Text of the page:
to safe-water providers.
Help us, Lord, to see authentic problems and to be willing to serve others by
demanding the resources needed.
Outreach program in action.
(*photo credit: Barack Obama,
January 18, 2011
Public Service and Student Loan Forgiveness
During this month we recall
that God calls us to be of service to others. However, those graduates who are
highly indebted are so burdened that their services are limited due to the
pressure to repay college loans. Forgiving such loans through community service
is one way out and thus this reflection differs from previous discussions on how
to avoid the debts. Currently, one outlet is service in the Peace Corps and
AmeriCorps. What more?
the field of public service. One needs to include education and health
services in low-income and underserved urban and rural communities. The
student-turned-public-service person would need a program involving
apprenticeship under experienced direction that could be verified. Loan
forgiveness could be based on a period of service, say three or four years.
Training of various sorts may be excluded, and the pure service counted.
Church-related institutions that are primarily social welfare, heath and
education-related should be allowed within the programs. Public interest
advocacy for the good of the community should also be included.
up to early job training opportunities. These programs could have the
effect of bringing services to underserved areas, with the hidden subsidy of
loan forgiveness. Advantages include a place suited to satisfying the training
program for the graduating student, while launching a chosen career. With
recent cutbacks in many service programs, the first to be rehired would normally
be the experienced, laid-off individuals, thus closing out entry by the
inexperienced new graduate.
incentives to the middle aged who seek to change careers. Job opportunities
change and demand new training and career shifts. For such middle-aged people,
the burden or threat of the loans hanging over them on top of existing
responsibilities stands as a very high hurdle. New positions of service could
range from senior citizen physical education to remedial reading for migrants.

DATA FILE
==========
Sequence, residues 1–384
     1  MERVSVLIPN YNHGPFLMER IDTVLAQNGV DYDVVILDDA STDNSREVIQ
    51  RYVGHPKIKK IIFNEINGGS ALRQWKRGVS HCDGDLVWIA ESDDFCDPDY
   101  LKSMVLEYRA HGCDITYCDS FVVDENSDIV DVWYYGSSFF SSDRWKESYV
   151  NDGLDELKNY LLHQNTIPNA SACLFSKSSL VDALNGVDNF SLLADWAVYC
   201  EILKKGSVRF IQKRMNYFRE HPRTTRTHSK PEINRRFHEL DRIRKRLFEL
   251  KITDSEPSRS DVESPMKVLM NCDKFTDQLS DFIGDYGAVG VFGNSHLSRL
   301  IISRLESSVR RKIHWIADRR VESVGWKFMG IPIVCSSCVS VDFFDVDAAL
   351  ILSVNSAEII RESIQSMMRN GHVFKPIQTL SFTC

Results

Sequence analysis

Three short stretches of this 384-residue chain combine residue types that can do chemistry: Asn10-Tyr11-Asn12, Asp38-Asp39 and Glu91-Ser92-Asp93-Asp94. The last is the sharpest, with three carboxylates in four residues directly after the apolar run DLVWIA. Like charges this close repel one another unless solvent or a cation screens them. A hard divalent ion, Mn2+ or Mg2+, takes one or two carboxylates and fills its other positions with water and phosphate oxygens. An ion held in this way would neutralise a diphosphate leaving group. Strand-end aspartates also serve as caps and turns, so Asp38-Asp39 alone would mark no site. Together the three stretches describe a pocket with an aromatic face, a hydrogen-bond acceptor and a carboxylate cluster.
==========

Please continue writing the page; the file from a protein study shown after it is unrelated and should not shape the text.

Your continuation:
a governmental agency to oversee loan forgiveness. One horrible dilemma
facing college loan programs is the emergence of for-profit "academic"
institutions, which take advantage of people seeking a higher education. When
properly operated and maintained, government oversight would encourage college
academic work and training, encourage volunteerism and public service, and allow
the student-turned-public-servant to leave after three to four years with no
debt. Some services such as health care could have comparable longer
forgiveness schedules depending on the increased debt load. Flexible debt
forgiveness scheduling must be built into the program for the benefit of our
Help us, Lord, to see that public service is part of our citizenship, and
those who are more indebted should have this opportunity to be as debt-free as
more well-to-do students.
Volunteer campground host. US Forest Service, Carp River. St. Ignace, MI.
January 19, 2011 Convert
"Retirement Years" to Public Service
healthy and energetic person in adult and senior age should "retire," for that
is a category fraught with difficulties; retirement relegates older people to a
lesser role in our society as prized jobs are slated for the younger members of
society. In this way of thinking, the individual must exit gracefully to
retirement villages and golf courses, fishing places and tea parties.
Nonsense. People of so-called retirement age can be prime contributors to
society, for their past experience is valuable and the distracting drive for
professional ladder-climbing is no longer operative.
opportunities are galore. "Question Retirement" (see January 29, 2009 Daily
Reflections) focuses on the problem of people moving from a steady occupation or
office to a time of fun and games. Others say that such approaches are
sophomoric, selfish, and quite often life-threatening. For the ever-working,
being of good health and energy is a gift from God and the "R" word really has
to be taken with qualification. Health is such a blessing that, when we have it
at whatever age, we must use it in the service of others. If "retirement" means
halting the particular work in which one is engaged, it becomes a confusing
designation, since so many people change jobs. Today a host of early military
"retirees" are perfectly suited for further public service. They are often even
in their forties and fifties. With the gifts of health and with acquired
expertise, normally those in their sixties and beyond have possible decades of
ought to be made wisely. Often, seniors know their own limitations as to
types of work; they need to choose wisely, since some programs that could be
quite enticing to younger people are unsuited for them. When people are able to
do overseas work, they should realize their language and cultural limitations
and possible medical and dietary needs. Often, the so-called early retirees,
whether from the public or private sectors, enjoy good health and accumulated
experience and are ideal candidates to be volunteers at the service of the less
fortunate both in this country and overseas. God's call extends beyond those to
youth in life's springtime. Today, so-called "retirees" are called to hear the
prompting of the Spirit to be of service.
Senior gifts are different. Older volunteers offer gifts of wisdom,
experience, and patience -- things often in short supply in the youthful
inexperienced who are more concerned about career launching and livelihoods;
such real-life pressures are no longer on the elders. With more time to spare,
the elder can show genuine hospitality and provide opportunities for others to